Google Wave Users Want More of Their Friends on Wave

Google Nov. 27 posted the results of an online survey in which it details what people like and don't like about Google Wave, the company's real-time messaging and collaboration platform. Likes include the Wave concept, collaboration traits and gadgets. Dislikes the fact that not everyone you might want to engage in a "wave" with can, speed and lack of integration with e-mail. Web consultant Martin Seibert, high-tech pundit Robert Scoble and Gmail creator Paul Bucheit weigh in with what they like and dislike about the open-source platform.

Google Nov. 27 posted the results of an online survey in which it details what people like and don't like about Google Wave, the company's real-time messaging and collaboration platform.

People like the idea of a "wave" as a one-stop communications and collaboration hub, allowing users to e-mail, instant message, share files, and network. Users also like the gadgets and robots that help make Wave more useful. BT's Ribbit Wave gadget brings voice communications to Wave.

However, the clamor of complaints also rings loud. Chief among these is that Wave is closed to the majority of people. Google began rolling out Wave to 100,000 people Sept. 30.

Sure, the users who were invited received eight invites, but it takes days or weeks from passing along the invites to have friends, family and colleagues join them on Wave. And without enough people to communicate and collaborate with, Wave is limited. Google recognizes this:

"We understand it's hard to communicate and collaborate if you have no contacts so we're working hard to make Google Wave scale to a large number of users," wrote Aaron Cheang, user experience researcher for Google Wave.

Cheang also found people want Google Wave to be more integrated with e-mail. Specifically, they would like e-mail notifications or alerts when they get a new wave. Wave chats can also get bogged down, making speed another issue. Cheang claims relief is on the way:

"We're working hard to scale our systems so you can invite your friends and colleagues to wave with you. We're also thinking about how to integrate with existing communication and collaboration tools. And since we all know that fast is better than slow, a large portion of the team is working to make Google Wave faster."

Google Wave has had no shortage of supporters and detractors since the company began rolling it out more broadly to users more than two months ago. The Wave team even listened to early criticisms about Wave being too public -- not everyone wants to follow every Wave -- and added a follow feature to let users choose what Waves they see.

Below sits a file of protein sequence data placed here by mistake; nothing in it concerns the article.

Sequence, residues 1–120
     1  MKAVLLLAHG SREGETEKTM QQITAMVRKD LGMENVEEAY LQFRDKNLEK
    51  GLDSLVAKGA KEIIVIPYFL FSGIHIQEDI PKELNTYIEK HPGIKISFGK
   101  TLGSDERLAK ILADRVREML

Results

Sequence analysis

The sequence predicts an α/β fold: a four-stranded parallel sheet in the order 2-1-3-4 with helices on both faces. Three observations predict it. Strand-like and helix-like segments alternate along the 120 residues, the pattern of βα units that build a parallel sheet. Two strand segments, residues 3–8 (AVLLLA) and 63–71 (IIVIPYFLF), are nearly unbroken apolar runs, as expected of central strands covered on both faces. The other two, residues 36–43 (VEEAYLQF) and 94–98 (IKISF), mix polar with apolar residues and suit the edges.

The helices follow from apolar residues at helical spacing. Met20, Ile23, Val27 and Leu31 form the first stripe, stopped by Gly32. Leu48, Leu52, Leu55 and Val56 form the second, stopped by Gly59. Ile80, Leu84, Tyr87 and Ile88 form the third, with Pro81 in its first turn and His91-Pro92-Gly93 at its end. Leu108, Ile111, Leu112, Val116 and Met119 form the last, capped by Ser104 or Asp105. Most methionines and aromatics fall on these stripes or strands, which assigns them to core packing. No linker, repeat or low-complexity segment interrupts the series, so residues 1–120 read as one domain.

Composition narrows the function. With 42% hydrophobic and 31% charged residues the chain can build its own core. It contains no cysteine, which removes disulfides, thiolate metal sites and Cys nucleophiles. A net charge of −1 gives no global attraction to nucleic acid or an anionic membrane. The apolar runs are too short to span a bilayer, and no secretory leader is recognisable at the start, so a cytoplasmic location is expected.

Martin Seibert, CEO of Internet consultancy Seibert/Media, said that while Wave is useful now for brainstorming ideas and concept creation -- specifically as a multiuser note-taking platform for meetings and sessions -- it is too complex. Seibert even posted a video on how confusing it can be for all but the most savvy Webheads.

Among the other deficiencies Seibert sees in Wave is that missing revisions with rollbacks; no permanent hiding of replies; no notifications for following Waves (see user criticism above); it's too slow for a real chat (ditto on above knock); and unstable.

High-tech geek/blogger Robert Scoble, who wrote a now seminal post on how Wave has been overhyped when it's so raw, responded to Seibert's post with additional criticisms of Wave: no clear curation of Wave input; and the lack of permalinks.

"We need permalinks for each few inches along the infinite strip so that we can link you to a Wave and say "there's value right here," Scoble wrote. "Right now I can't do that, so I can't point you to specific places in the Defrag conference Wave and say "check out xyz's notes here, they are most excellent."

Finally, Gmail creator Paul Bucheit, who left Google to create FriendFeed and sold it to Google, weighed in over the weekend after weathering criticism for claiming he had not tried Wave. He echoed Seibert and Scoble when he discussed Wave's confusing nature:

""Wave puts the conversation into little Gmail-like boxes, but then makes them update in realtime. The result is that people end up responding (in realtime) to things on other parts of the page, and the chronological linkage and flow of the conversation is lost. I suspect it would work better if each box behaved more like a little chat room. A single Wave could contain multiple chats (different sub-topics), but each box would be mostly self-contained and could be read in a linear fashion.""

He also recommended that Google move Wave into Gmail, giving it a huge userbase, and partially addressing the "e-mail is universal" problem.

Clearly, the Wave team has work to do before the broader roll out, but Google must take care because, after all, part of that work, is the broader roll out.